On “Checks and Balance” @chowardchoward argues that “whether one views presidential relatives as smarmy or tragic depends entirely on whether you agree with the politics of the president in question”
Brazil’s economy needs more sweeping reform. But the new government has conceded that it will have to be more careful than it might have been, to avoid further political unrest
The consequences could be steep for Florida’s public universities, which stand to lose millions of dollars in state funding
In the old days a job at Goldman was a one-way ticket to wealth and power. That inspired ambitious young people to join fresh from college and spend a lifetime at the firm. Its staff these days seem less devoted to that cause
On the 75th anniversary of Gandhi’s assassination, revisit our article about India’s pre-eminent nation-builder
Tom Lehrer has been described by @amateuradam as "the greatest musical comedian of all time", because that's what he is. I wrote an appreciation for @TheEconomist.…
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An average woman uses around 15,000 period products during her life. The onus is on scientists, regulators and public-­health agencies to fill the gaps in knowledge about these products. Swipe to learn more ➡️
Kapka Kassabova writes about the pre-modern world of Bulgarian valley-dwellers with empathy and perspective in “Elixir”
“It’s not just Mickey Mouse anymore.” Join @t_wainwright on a tour of Disney’s sprawling kingdom on this week’s “Money Talks” podcast
“It’s not clear to me that there is a federal reform that would fix this.” On “The Intelligence” @JohnPrideaux considers the killing of Tyre Nichols by Memphis police
Through an AI algorithm, researchers have found that Wi-Fi can be used to record the behaviour of people inside otherwise unobservable rooms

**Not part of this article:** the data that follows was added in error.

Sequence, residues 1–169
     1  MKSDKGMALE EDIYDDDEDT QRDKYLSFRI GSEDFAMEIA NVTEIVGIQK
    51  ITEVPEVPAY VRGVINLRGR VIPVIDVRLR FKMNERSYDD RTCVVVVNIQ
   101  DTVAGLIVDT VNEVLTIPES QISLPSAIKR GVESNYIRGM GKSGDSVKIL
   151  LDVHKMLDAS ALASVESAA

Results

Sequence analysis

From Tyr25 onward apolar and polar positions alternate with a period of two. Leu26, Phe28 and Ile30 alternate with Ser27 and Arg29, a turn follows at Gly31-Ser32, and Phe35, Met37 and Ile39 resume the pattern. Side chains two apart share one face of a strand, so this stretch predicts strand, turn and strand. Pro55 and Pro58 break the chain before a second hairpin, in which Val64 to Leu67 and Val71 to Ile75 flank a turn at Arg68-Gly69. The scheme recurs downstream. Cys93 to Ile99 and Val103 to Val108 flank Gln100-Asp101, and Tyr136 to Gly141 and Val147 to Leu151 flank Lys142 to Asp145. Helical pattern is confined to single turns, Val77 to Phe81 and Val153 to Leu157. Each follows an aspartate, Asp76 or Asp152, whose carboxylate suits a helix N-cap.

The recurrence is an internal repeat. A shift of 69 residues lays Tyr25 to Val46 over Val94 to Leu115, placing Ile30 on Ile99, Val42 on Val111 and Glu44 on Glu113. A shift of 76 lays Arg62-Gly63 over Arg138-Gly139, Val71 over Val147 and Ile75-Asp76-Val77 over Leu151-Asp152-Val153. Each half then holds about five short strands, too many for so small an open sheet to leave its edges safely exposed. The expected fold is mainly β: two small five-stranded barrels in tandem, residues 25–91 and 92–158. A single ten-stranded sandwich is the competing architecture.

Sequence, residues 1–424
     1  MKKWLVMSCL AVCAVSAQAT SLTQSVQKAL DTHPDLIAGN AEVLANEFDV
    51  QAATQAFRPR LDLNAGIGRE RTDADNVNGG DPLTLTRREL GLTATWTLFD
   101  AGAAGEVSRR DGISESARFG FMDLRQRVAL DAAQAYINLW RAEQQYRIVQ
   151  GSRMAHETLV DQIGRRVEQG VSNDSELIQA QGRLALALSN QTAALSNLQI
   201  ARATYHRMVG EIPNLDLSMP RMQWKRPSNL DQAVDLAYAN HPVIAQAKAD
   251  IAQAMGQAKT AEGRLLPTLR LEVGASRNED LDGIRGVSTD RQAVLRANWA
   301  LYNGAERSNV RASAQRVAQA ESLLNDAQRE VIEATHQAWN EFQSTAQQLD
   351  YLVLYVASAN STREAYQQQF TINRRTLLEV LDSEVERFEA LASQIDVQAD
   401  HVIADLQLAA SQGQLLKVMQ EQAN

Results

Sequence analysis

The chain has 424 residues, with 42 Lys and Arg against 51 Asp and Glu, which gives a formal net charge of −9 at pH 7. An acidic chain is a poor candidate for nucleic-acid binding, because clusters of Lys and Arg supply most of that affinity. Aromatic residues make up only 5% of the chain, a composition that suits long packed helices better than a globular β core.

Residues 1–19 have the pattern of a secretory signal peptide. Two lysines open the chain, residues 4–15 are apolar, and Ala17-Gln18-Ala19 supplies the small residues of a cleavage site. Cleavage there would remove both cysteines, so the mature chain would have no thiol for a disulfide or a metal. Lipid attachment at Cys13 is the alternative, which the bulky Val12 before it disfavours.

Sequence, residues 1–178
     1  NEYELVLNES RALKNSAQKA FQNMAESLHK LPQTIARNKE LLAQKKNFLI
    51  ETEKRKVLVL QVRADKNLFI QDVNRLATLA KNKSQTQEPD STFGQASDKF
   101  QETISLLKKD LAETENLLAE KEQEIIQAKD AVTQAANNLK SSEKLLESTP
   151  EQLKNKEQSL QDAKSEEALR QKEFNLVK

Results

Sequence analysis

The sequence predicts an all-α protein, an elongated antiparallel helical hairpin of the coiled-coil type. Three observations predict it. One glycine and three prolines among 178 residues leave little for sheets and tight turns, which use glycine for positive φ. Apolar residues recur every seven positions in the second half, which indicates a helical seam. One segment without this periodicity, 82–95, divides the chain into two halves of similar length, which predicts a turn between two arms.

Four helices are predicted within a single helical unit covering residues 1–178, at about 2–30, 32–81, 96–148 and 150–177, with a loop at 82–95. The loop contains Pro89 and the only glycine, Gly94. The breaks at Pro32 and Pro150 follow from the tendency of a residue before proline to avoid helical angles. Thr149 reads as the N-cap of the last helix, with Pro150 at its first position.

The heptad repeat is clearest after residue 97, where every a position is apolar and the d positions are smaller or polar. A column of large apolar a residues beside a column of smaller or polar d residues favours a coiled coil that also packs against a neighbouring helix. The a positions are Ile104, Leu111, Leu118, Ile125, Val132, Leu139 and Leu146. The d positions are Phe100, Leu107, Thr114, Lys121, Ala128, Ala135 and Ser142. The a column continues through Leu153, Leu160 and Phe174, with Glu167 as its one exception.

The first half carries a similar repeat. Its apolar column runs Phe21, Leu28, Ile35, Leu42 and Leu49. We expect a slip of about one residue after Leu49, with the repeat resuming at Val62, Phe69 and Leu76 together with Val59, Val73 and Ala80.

There are times when Britain will need to spend money, but resources are finite and it is unwise to bail out whichever industry is first to get into trouble
Alexander the Great and the birth of the modern world
Attempts to follow cricket’s success have so far sputtered
Today on “The Intelligence”: Tyre Nichols and American police reform, a murder in Kabul reveals Afghan women’s struggles, and questioning a timeworn model of learning
The heart sustains everything else; break it and the patient dies. But is the profession in charge of fixing it at risk of extinction? @simonakam investigates for 1843 magazine
Another failure for Vladimir Putin
Scripted lessons could make classes more compelling
Shakira’s new song—taking aim at Gerard Piqué (pictured), her cheating ex—has broken YouTube records. Her producer, Bizarrap, is also topping charts. Read how he is one of a group of young Argentines finding global “trap” fame:
Mohandas Gandhi was shot dead 75 years ago by a Hindu extremist. During his lifetime, he shaped modern India’s democratic character. From the archive
Why an Italian film has become a valuable piece of intellectual property
After years of short-sighted policy, Egypt’s economic crisis has deepened. And there are no easy answers to its woes
A report from Hindenburg Research has upended Adani Enterprises’ much-anticipated secondary share offering
Two years ago the Big Mac was 26% cheaper in Japan than America. It is now 40% cheaper
♦️ Adani Group has denied wrongdoing after the conglomerate was accused of market manipulation and accounting fraud. ♦️ A lawyer representing Tyre Nichols’s family calls for police reform in America. ♦️ Israel responds heavy-handedly to a terror attack. Follow today’s news ⬇️
“It is essentially a government monopoly sending stuff to the Moon.” @tomstandage explains why private missions will change how space exploration works. Listen to “Babbage”